AI, Blockchain and the De-Bullsh*tization of Work — Part 2

Photo by Christopher Burns on Unsplash

This is the second part of the series “AI, Blockchain and the Decentralization of Work”. In the original article I explored the emergence of the ‘pretend job’ as a consequence of the decentralization and eventual demonetization of human work.

Organizational structures are an inevitable consequence of the evolution of complex systems. Groups of participants decide to cooperate to ensure the continued existence (or survival) of members of the group. Groups that are successful will be more prevalent because they cooperation provides an advantage over competitors.

Organizations however have a intrinsic downside in that members relinquish autonomy in exchange for membership. At the level of human awareness, the balance between individual autonomy and the benefits of membership can be a constant balancing act. Furthermore, organizations lead to internal politics simply as a consequence of the fact that members are autonomous individuals. Every member has at the very least a different learning strategy than other members. Thus, a game is played that decides how members steer an organization.

Organizations therefore are most stable if there is less autonomy among its members (and of course that it is steered in an optimal way). Corporations (or Artificial Pershonhoods) are typically structured hierarchically in its decision making. The higher up one is in the hierarchy, the more influence one has in the direction of the company.

In the modern economy, there is a massive move towards the decentralization of work. Platformization specifically is a business and organizational model that outsources its production to decentralized participants. Examples of these platforms are Youtube, Uber, AirBnB and eBay. The participants are not employees, but participants who participate in the marketplace that is created by the platform. Platforms outsource production in a decentralized way and all coordination is kept to a centralized core.

The concern about work, in either a traditional corporation or a platform based corporation, is whether the individuals who are responsible for production get their fair share of the profits over individuals who are responsible for just the coordination. Organization that are larger tend to be the ones that are more profitable. Therefore, the average profits are larger for those who participate in a larger organization. Larger organizations however require more people responsible for coordination.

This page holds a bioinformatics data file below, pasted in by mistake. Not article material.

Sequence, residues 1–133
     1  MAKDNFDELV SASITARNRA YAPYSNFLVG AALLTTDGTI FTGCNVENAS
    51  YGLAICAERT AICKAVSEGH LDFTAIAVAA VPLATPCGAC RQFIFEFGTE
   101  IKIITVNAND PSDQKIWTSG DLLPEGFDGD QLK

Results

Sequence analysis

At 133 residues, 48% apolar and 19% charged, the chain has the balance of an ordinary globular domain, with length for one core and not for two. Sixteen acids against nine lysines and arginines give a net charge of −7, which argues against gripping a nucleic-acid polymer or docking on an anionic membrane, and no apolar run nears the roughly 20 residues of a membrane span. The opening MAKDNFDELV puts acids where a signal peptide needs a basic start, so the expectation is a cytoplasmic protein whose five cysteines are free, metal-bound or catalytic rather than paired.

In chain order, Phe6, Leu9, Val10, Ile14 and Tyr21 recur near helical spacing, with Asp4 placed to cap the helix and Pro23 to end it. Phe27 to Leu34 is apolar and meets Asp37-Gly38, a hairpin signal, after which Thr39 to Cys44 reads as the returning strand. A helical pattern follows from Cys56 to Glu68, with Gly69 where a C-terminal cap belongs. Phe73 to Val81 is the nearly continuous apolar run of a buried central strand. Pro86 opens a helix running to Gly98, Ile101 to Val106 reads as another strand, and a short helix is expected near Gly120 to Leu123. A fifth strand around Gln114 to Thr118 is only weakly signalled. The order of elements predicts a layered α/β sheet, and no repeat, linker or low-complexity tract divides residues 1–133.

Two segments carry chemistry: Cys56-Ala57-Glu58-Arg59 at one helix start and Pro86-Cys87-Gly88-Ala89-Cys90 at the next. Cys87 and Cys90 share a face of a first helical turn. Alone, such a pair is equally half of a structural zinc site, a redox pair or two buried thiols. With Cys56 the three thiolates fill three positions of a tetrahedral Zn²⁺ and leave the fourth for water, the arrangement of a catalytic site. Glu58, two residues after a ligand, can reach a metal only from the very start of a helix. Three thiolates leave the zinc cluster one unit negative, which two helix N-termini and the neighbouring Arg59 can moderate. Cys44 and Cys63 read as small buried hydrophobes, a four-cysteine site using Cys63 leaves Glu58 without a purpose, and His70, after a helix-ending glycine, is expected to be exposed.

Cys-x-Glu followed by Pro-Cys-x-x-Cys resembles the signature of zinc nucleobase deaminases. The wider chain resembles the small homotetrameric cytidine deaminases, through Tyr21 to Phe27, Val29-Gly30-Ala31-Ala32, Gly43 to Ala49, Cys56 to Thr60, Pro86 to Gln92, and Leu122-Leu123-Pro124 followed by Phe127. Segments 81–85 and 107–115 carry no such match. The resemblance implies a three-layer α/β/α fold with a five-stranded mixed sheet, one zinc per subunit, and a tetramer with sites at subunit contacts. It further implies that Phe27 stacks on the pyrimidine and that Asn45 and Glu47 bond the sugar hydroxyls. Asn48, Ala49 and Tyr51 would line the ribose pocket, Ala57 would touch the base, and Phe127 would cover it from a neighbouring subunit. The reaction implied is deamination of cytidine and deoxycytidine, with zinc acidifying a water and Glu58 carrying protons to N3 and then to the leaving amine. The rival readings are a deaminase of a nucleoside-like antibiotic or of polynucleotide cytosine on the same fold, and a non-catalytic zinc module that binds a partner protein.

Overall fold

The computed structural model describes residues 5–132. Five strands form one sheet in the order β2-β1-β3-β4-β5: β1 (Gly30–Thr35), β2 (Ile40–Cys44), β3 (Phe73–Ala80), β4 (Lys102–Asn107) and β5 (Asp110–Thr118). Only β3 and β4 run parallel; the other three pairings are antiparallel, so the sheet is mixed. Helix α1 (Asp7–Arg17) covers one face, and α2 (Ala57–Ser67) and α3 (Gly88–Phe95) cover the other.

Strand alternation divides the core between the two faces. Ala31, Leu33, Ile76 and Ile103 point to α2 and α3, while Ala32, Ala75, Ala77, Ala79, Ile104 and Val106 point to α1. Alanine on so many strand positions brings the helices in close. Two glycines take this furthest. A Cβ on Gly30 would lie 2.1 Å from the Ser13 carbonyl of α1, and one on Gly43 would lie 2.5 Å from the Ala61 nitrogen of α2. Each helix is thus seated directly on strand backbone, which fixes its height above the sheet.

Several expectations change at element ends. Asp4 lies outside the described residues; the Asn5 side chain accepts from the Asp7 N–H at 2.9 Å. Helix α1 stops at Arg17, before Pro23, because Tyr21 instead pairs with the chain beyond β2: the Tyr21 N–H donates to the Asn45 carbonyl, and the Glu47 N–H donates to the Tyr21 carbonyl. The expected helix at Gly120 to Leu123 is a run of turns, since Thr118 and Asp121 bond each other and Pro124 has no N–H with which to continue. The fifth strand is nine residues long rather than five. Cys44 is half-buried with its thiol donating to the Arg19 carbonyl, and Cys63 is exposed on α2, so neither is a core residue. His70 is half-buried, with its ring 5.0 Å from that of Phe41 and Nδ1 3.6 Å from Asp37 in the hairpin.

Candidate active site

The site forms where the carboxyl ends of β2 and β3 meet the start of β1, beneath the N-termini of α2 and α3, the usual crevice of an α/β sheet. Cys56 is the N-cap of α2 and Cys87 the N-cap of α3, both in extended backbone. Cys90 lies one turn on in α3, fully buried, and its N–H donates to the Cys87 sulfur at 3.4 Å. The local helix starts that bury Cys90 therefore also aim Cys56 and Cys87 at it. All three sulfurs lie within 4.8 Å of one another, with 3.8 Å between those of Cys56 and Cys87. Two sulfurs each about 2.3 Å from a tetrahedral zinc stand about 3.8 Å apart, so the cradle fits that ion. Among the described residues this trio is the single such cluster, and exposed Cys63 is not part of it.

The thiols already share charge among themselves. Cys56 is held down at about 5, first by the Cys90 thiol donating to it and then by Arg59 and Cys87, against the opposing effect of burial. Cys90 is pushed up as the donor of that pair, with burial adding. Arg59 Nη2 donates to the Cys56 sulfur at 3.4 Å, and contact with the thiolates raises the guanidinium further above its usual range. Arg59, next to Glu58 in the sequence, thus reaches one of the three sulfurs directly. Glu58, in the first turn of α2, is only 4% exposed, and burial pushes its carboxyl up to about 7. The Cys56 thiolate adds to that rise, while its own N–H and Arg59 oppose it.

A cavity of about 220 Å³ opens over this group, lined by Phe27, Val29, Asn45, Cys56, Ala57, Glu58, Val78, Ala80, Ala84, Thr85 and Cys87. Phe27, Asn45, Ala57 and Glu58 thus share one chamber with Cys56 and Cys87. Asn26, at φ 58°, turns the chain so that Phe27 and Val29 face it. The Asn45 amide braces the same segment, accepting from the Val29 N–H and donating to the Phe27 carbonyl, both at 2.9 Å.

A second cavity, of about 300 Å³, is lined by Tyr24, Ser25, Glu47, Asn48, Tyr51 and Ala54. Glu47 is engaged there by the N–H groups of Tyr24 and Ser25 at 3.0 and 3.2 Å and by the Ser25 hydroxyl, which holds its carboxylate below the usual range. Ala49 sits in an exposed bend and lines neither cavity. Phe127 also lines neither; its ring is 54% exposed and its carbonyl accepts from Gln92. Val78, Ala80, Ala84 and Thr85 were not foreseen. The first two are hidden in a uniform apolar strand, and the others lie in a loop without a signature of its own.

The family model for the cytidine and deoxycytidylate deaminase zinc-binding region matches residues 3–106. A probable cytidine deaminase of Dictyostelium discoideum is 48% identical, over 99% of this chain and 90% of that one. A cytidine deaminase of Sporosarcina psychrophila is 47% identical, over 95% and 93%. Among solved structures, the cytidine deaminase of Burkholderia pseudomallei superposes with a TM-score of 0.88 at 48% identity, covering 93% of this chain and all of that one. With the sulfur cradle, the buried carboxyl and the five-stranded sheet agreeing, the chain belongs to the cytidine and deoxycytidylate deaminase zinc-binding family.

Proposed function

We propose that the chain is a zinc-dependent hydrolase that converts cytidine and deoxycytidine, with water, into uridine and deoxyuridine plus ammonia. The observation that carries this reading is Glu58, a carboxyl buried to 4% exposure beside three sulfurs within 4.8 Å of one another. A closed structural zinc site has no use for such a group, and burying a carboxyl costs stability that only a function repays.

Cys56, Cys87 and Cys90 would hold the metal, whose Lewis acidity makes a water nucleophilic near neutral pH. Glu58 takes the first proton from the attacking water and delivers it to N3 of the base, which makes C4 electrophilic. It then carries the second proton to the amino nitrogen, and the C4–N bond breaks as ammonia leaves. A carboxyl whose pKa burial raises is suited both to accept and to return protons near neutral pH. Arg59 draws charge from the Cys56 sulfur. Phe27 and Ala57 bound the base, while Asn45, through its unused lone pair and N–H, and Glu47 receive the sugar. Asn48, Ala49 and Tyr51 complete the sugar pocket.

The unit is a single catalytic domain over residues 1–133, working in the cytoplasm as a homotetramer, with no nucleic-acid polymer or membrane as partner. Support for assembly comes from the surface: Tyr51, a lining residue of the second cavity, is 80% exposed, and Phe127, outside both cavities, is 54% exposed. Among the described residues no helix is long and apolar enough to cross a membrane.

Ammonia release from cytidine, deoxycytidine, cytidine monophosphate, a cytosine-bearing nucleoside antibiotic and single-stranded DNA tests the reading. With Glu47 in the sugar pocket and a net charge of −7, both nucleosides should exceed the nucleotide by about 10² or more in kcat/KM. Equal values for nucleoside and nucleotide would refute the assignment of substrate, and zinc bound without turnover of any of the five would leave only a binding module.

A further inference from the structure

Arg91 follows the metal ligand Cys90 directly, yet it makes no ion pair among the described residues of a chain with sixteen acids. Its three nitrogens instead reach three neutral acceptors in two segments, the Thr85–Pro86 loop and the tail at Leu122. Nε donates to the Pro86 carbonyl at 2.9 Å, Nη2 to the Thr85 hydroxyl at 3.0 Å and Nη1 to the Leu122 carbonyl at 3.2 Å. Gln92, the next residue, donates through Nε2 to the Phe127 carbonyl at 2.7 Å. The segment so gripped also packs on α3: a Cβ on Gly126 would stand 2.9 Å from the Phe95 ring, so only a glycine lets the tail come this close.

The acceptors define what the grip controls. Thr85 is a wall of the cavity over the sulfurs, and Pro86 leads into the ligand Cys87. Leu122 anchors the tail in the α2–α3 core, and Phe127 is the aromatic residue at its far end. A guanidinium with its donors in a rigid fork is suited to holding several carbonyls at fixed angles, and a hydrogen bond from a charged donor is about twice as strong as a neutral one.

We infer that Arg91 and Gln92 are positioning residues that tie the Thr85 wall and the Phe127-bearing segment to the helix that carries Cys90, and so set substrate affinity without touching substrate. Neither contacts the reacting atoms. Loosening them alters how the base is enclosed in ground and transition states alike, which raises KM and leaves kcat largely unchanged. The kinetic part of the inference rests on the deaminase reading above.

The evolution of all organization will gravitate towards the creation of a core of coordinators that are independent of the production. How does this core coordinate? Who is steering the direction of the coordinators? Depending on existing immutable governance, it will all devolve into a competitive game. It devolves into a game of influence. A game of influence among humans has as its currency the number of humans that follow another human (known as a fiefdom in some organizations). More specifically, the currency is the number of humans that are not autonomous and follow a leader. A leaders influence is measured in the size of his fiefdom. This is where bullsh*t jobs come from. As the administrative component of an organization grows, the politics grows and the currency of politics is the number of non-autonomous followers in a sub-organization. Bullsh*t jobs exists as a proxy of influence within administrative organizations. Your job is BS if its only purpose is to serve as a token to someone else’s influence.